Friday, January 28, 2022

80 years on from NZ’s worst naval tragedy

Yesterday marked the 80th anniversary of New Zealand’s worst naval tragedy, when HMS Neptune struck mines off the coast of Libya and sunk with the loss of all but one of her 764 crew.

One hundred and fifty New Zealand sailors went down with the ship.

The Leander-class cruiser HMS Neptune, with two other cruisers and an escort of four destroyers, had sailed from Malta to intercept an Italian supply convoy carrying Panzer tanks, troops and supplies bound for Tripoli to support Rommel’s Afrika Corps.

At 0100 on 19 December 1941, Neptune steamed into an uncharted deep-water minefield at 24 knots and triggered a mine. As she reversed to get clear, she exploded two more that wrecked her propellers and steering gear. She was then stopped, disabled and down by the stern. A destroyer, HMS Kandahar was preparing to come to the aid of the stricken Neptune but also struck a mine and subsequently sunk with the loss of 77 lives.

At 0400, Neptune drifted into and detonated a fourth mine. She quickly rolled over and sank.

Only 16 men survived the sinking including the Commanding Officer and one New Zealand rating, Able Seaman James Quinn of Wellington. However, all but one succumbed to thirst and exhaustion over the next five  days. The sole survivor, Able Seaman Norman Walton, had spent three days in the water and two on a raft before he was rescued by an Italian torpedo boat on Christmas Eve and interned in a POW camp until he was released in 1943.

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The names of all 150 New Zealand sailors lost on HMS Neptune, are recorded on the Memorial Wall inside the Devonport Naval Base.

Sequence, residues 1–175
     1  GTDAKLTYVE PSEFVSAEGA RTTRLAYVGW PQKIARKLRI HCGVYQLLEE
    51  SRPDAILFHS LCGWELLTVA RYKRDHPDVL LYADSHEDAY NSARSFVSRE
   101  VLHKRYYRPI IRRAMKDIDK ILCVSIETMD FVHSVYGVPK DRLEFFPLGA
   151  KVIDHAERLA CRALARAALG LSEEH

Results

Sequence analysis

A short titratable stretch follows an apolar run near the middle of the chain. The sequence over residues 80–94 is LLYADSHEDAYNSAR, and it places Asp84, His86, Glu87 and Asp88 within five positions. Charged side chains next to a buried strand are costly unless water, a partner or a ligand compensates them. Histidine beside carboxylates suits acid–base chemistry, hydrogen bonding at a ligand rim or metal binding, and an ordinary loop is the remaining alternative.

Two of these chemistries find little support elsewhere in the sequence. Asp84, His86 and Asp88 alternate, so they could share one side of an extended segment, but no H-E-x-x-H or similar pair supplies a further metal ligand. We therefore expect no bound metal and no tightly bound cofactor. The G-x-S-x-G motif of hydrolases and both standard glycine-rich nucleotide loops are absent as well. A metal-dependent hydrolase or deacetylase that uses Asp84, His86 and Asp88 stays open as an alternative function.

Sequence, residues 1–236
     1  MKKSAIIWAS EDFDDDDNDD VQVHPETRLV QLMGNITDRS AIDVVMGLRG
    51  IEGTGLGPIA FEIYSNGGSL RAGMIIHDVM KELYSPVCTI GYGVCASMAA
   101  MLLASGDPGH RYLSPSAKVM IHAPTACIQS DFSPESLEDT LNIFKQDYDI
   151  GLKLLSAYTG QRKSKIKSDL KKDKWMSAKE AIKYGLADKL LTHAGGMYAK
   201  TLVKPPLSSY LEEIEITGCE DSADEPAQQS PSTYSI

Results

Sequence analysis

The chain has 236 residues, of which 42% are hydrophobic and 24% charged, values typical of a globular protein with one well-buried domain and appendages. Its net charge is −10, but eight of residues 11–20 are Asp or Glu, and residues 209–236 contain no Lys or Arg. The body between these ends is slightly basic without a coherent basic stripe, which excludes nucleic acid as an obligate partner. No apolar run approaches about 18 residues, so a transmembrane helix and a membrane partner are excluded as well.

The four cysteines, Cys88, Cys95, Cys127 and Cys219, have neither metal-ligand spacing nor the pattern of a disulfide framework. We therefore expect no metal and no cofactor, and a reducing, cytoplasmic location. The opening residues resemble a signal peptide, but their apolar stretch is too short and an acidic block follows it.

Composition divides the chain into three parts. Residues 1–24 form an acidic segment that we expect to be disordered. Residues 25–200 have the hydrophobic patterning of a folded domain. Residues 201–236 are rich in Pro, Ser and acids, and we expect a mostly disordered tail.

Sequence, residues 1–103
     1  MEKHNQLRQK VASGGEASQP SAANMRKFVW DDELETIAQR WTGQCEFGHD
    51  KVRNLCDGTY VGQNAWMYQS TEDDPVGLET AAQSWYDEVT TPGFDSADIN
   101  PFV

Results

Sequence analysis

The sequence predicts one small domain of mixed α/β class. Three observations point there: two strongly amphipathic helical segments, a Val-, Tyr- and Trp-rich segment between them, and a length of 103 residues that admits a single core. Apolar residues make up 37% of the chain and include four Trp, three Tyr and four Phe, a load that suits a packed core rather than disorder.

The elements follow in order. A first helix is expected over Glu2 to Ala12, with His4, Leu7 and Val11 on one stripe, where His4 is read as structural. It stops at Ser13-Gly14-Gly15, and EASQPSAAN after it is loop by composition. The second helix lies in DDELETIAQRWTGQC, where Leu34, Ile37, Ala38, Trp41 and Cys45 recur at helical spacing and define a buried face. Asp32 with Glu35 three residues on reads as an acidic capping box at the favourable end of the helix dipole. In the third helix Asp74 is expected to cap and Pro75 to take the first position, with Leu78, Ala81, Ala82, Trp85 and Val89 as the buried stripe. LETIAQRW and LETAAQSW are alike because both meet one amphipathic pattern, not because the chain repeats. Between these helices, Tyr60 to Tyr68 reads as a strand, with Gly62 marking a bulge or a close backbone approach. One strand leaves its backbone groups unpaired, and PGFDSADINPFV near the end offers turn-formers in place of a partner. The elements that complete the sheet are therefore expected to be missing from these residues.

The four weeks leading up to, and including, the loss of HMS Neptune was a disastrous time for the allies at sea. Some of the other notable losses included:

  • 19 November –  the Royal Australian Navy’s light cruiser HMAS Sydney was sunk with all 645 crew in a battle against the German auxiliary cruiser Kormoron off the coast of Western Australia.
  • 24 November – the light cruiser, HMS Dunedin, was hit by two torpedoes from a German Uboat off Brazil and sank with the loss of 419 of her crew.
  • 25 November –  the battleship HMS Barham was hit by torpedoes from a German U-boat in the Mediterranean and sunk with the loss of 862 officers and ratings.
  • 27 November – HMAS Parramatta was hit by a single Uboat torpedo off Tobruk and sank within minutes taking 138 of her crew.
  • 7 December – the United States Navy’s Pacific Fleet was crippled by the Japanese surprise attack at Pearl Harbour with 19 ships sunk or seriously damaged. Over 2,000 sailors lost their lives. They were all legally non-combatants as there was no state of war at the time of the attack. 
  • 10 December –  the battleship HMS Prince of Wales and battlecruiser HMS Repulse were sunk by Japanese torpedo bombers off Malaya with 840 sailors losing their lives.
  • 15 December –  the light cruiser HMS Galatea was torpedoed and sunk off Alexandria with the loss of 469 crew.
  • 19 December –  only hours after HMS Neptune went to the bottom, two Italian human torpedo craft mined and seriously damaged HMS Queen Elizabeth and HMS Valiant in the Port of Alexandria putting  the two remaining battleships in the Mediterranean fleet out of action for many months.

Over 30 days, 30 allied naval ships were either sunk or seriously damaged with a loss of over 6,500 sailors. Little wonder that this string of disasters led Winston Churchill to comment “The full horror of the news sank in upon me. There were no British or American capital ships in the Indian Ocean or the Pacific. We were weak and naked.”

The names of all 150 New Zealand sailors lost on HMS Neptune, are recorded on the Memorial Wall inside the Devonport Naval Base and on cenotaphs and war memorials throughout the country.

There is still no positive identification of any known wreck on the Mediterranean seabed as being that of HMS Neptune.

Article courtesy of NZDF.

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